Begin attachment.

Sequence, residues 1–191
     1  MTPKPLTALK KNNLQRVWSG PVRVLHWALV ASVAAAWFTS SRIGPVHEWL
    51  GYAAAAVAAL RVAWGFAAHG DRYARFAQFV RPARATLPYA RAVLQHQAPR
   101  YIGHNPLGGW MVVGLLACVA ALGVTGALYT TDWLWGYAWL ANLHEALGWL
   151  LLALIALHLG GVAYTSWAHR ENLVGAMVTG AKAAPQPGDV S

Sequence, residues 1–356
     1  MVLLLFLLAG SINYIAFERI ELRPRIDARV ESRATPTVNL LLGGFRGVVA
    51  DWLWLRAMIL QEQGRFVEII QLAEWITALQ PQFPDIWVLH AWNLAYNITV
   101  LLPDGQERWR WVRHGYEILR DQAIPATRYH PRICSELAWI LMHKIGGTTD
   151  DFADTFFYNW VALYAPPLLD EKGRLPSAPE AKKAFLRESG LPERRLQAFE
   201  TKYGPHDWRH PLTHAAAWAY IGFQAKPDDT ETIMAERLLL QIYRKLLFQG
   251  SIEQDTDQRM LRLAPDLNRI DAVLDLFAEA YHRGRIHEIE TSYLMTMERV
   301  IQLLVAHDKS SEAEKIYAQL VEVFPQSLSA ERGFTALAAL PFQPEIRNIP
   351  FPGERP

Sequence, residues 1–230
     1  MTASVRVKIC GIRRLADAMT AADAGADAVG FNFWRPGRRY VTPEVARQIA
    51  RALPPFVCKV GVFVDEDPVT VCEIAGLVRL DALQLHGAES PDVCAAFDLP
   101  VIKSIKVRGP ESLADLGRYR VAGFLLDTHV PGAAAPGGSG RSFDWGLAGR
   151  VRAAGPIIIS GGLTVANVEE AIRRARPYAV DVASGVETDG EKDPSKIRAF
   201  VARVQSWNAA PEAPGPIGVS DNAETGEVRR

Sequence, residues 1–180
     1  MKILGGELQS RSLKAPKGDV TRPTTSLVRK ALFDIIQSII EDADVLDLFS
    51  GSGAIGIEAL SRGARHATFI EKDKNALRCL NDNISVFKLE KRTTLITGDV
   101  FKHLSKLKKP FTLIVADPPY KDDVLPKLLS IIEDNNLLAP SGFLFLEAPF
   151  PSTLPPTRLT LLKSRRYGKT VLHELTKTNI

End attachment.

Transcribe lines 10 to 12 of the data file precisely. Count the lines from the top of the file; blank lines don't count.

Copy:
   151  DFADTFFYNW VALYAPPLLD EKGRLPSAPE AKKAFLRESG LPERRLQAFE
   201  TKYGPHDWRH PLTHAAAWAY IGFQAKPDDT ETIMAERLLL QIYRKLLFQG
   251  SIEQDTDQRM LRLAPDLNRI DAVLDLFAEA YHRGRIHEIE TSYLMTMERV